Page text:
Need for urgent transformation | The star
WHAT drives a respectable academic, never known to be controversial, at the age of 79, to write an explosive book chastising Malay and Muslim politicians for their corrupt practices and hypocrisy?
He is recognized for his academic excellence and his leadership. He served as the third rector of the International Islamic University Malaysia (IIUM). His best-known works focus on moderation in Islam from a Malay perspective and the concept of sejahtera from an Islamic perspective. He is also the editor and one of the contributors of an encyclopedia on the natural sciences from the worldview of the Quran.
Emeritus Professor Tan Sri Mohamad Kamal Hassan can’t take it anymore. The title of his latest book says it all, Corruption and Hypocrisy in Malay Muslim Politics: The Urgency of Moral-Ethical Transformation.
In the introduction, he confessed that he was very disappointed, appalled and ashamed by two major crises facing the nation: the deplorable moral decay in the field of politics and governance of the nation, and the widening of the internal divide within the Malay-Muslim community. for the past five years.
He is appalled that political hatred, defamation, slander, political assassination and act of treason (khianat) have been worsening since the last general election. He is also concerned that the “national integrity agenda” is being trampled under “the boots of ugly ethno-religious polarization”.
According to him, racially motivated political strategies and ethnic biases will continue to dictate the politics of mutual hostility on both sides of the political divide for many years to come.
He regrets that political stability and the direction of national politics are in the doldrums.
The word ’emergency’ is intentionally added to emphasize the need for ‘moral and ethical transformation’. Without the will to transform, our future is disastrous. He hopes the book will spark serious conversations about the need to end “the cancer of political corruption, the pandemic of hypocrisy and the resulting shameful disunity that has plagued the Malay-Muslim community”.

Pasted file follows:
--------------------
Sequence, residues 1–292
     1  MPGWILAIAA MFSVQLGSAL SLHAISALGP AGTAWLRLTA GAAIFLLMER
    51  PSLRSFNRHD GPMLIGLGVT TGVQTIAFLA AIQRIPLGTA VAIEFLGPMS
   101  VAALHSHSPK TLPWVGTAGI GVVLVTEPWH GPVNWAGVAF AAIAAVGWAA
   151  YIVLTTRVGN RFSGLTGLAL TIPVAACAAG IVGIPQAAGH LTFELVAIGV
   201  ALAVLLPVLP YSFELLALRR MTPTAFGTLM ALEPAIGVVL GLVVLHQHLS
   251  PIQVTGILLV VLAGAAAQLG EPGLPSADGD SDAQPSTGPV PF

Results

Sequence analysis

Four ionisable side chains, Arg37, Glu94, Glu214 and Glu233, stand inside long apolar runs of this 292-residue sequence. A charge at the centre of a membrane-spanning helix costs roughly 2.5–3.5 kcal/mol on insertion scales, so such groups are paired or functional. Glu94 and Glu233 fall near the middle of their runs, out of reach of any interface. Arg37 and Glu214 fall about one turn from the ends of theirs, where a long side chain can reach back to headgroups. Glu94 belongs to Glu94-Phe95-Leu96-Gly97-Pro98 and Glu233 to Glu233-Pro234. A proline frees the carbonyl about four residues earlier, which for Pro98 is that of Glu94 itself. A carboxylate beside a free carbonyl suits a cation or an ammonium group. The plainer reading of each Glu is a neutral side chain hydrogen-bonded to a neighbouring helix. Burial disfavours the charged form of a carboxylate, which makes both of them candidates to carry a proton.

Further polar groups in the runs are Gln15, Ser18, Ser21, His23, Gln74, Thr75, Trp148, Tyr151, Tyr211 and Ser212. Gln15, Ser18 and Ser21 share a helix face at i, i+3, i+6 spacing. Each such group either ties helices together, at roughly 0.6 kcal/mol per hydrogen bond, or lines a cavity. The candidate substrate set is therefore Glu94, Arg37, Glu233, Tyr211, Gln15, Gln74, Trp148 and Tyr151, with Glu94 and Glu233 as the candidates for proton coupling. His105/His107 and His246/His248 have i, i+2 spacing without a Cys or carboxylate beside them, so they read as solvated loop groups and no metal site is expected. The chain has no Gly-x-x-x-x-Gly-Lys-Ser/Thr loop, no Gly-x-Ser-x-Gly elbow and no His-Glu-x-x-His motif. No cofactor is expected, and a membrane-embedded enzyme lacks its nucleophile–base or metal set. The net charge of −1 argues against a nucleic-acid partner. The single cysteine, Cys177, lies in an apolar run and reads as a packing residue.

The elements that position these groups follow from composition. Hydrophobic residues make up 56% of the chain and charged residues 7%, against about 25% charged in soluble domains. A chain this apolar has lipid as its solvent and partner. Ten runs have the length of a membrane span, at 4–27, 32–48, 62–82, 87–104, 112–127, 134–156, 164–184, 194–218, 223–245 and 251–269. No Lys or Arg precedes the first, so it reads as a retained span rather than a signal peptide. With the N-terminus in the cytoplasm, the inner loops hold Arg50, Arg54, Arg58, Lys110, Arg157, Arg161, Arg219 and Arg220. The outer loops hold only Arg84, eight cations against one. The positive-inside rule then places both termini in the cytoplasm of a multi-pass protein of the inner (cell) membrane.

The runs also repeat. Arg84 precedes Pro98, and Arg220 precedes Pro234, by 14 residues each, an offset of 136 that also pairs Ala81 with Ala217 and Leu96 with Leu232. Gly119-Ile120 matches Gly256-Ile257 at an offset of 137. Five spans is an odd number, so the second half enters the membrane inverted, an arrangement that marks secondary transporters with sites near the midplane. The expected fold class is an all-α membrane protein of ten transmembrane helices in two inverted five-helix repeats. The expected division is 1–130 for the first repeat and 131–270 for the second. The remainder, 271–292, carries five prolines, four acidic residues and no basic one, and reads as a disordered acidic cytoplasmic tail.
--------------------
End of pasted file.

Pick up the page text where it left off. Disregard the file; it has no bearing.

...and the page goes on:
Some would say that’s easier said than done. The best a scholar of his stature could wish for is for the political elite to take heed. But he understands the current political atmosphere. We have those who are only interested in political survival and nothing else. Politicians are at the bottom of the trust scale.
Many leaders are in precarious positions as their parties are at the mercy of wiser voters. No coalition is formidable. Everything is decided in the name of political expediency. In such circumstances, the tendency to be corruptible is high. It’s about making hay while the sun is shining.
The victory of Pakatan Harapan (PH) in 2018 was an exhilarating event. But the jubilation did not last long. PH’s reform programs have been approached miserably. Many of the promised reforms were lost during the transition. Moreover, they have been betrayed from within. The rest, as we know, is history.
Professor Kamal has no solution to the ills of his society. He admits it. But he thinks that by pushing forward a serious discourse on the issue, it will at least get some attention, especially from sensible politicians and concerned civil societies.
Perhaps the critical mass would be galvanized to help make change possible.
As a Muslim scholar, he advocates the need for Malay Muslim politicians to follow the tenets of Islam.
Islam is against corruption and abuse of power. As for the word “hypocrisy”, he translates it as “kemunafikan” and not just “kepura-puraan” as it is normally used. Kemunafikan connotes a more serious meaning from the Islamic point of view. He calls on Muslims “to do something to put an end to social evils and unethical phenomena”.
He finds it perplexing that Muslim politicians can be blatantly unethical, corrupt and involved in bohong (lying).
“Muslims aren’t supposed to lie,” he said in a recent interview with me for Sinar Harian. “But it looks like it’s stupid of them not to.”
Unsurprisingly, the professor searches for a Muslim antidote to the problem. But that does not mean that he rejects everything imported from the West. He has nothing against democracy, but he is not in favor of contradictory Western-style politics.
In my interview, he didn’t even entertain the concept of “sistem politik Islam” (Islamic political system). As for the Malays, he thinks the contradictory politics has torn the very foundation of good Malay values.
His call for urgency is not unfounded. Political behavior and culture must change. He wants political parties to be led by “selfless, sincere, competent, tolerant and humble leaders, of high integrity, with a God-fearing character”.
A tall order, you might say. But why should it be otherwise?
Johan Jaaffar is a journalist, editor and for some years president of a media company, passionate about everything related to literature and the arts. And an avid rugby fan. The opinions expressed here are entirely his own.